He was one happy boy though... I set up a 30 ft. or so zip line in my backyard under two old Pear trees, a large Persimmon tree and a large fig bush. There was lots of healthy grass and lots of shade. I filled a wash tub full of water and cobbled together a temporary dog house out of shipping crates, plywood and tarps. I assume this was the first time for most of his life that the Akita had some room to run back and forth, and he loved it, he drank the wash tub half empty in the first two days. I naively listed the dog on Craigslist Atlanta.. free to a responsible owner with a fenced back yard, ability to pay for veterinary care, and a knowledge of Akitas.. If you read up on them you'll find that they are a Japanese guard dog that has very different personality traits and characteristics than the average dog. I'd become somewhat familiar with them while I was living on the West coast for most of my career, and I also knew what a healthy well cared for Akita was supposed to look like, and this one was in dire straights. After reading about them myself.. it turns out that the first Akita was brought to the United States in 1937 by.... Helen Keller!
By Weds. May 30th I'd found no new home for the dog, even though I'd contacted two Akita rescue organizations and had spoken or corresponded with many respondees from the Ad,, one of whom it turns out, was working for the police or the dog's owner.
Late Weds. afternoon I was still getting my shop organized, cleaning out the truck, enjoying some time off, and the company of the Akita. I looked up from my tasks and noticed four official vehicles in my driveway.. two sheriffs cars, one police car, and an animal control truck... Boy it's a heavy feeling in the pit of your stomach when you see THAT in your driveway.. my anxiety level and heart rate jumped into 5th gear...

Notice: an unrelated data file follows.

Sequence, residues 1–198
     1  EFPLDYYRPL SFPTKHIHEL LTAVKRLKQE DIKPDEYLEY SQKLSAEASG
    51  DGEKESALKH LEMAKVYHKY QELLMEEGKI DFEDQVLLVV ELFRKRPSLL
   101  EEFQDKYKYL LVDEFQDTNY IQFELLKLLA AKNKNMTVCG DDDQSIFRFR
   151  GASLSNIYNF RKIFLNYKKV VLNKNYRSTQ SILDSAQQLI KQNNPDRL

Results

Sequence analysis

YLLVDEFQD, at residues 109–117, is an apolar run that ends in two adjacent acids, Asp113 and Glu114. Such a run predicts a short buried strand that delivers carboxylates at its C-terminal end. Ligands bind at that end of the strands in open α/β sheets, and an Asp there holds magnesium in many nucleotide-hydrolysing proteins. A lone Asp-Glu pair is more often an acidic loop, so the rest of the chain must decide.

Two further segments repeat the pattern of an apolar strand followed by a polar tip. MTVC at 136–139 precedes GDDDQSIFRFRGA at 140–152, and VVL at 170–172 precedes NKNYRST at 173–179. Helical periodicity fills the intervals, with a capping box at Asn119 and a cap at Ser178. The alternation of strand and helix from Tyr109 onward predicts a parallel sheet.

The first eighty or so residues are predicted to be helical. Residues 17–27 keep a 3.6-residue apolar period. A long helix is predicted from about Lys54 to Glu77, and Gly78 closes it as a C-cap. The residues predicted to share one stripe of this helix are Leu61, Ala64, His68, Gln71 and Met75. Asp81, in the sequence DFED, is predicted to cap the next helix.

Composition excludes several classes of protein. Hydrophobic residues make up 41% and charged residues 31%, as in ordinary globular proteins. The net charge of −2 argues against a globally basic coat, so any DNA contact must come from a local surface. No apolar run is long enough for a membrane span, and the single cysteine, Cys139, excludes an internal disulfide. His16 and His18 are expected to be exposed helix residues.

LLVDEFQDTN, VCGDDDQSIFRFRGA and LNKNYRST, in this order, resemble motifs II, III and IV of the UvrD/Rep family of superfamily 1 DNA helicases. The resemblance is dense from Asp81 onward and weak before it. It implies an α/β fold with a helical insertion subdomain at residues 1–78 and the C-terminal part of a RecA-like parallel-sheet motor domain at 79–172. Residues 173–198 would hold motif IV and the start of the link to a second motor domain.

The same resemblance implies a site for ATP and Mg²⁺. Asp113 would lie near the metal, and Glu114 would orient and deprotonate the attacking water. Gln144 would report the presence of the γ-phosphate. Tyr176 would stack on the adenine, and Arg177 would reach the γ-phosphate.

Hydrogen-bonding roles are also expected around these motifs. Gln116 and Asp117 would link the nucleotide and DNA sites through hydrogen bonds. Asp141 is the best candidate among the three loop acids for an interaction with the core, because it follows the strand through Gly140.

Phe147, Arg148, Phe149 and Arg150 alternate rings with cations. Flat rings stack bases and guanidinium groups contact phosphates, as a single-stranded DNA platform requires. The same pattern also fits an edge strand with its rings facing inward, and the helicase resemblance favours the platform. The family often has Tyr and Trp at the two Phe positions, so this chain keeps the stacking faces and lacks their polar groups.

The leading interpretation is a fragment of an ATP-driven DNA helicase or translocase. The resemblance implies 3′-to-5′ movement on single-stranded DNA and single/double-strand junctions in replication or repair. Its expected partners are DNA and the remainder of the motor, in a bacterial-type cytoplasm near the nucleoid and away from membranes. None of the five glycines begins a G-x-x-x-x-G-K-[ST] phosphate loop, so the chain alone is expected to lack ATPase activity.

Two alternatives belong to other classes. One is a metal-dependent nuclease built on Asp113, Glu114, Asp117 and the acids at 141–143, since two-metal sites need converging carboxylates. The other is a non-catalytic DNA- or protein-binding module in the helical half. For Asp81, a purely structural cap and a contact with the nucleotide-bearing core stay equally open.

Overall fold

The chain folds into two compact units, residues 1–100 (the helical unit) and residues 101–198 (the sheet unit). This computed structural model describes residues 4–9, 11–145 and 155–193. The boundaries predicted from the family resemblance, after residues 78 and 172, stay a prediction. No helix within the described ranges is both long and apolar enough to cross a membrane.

After they asked me my name, my first question was.."are you going to arrest me?" and they said yes.. Whew! never been there done that... now my mind was whirling big time and I could see all the progress I've made in the last few years swirling down the toliet.
This was particularly apropos because that's exactly what I manifested in 1994 when I was in a head on collision right after finishing a major project in CA. when my career was at an all time high and I had all these great opportunities lined up. Everything then, went "back to Go" and I had compression fractures in my back, no vehicle, a major law suit against me, and a concussion so bad that if I moved my head too quickly for the first two weeks that I'd get that whirling motion back and forth that they use on cartoon characters when they've been "El Kabonged" on the head by another cartoon character.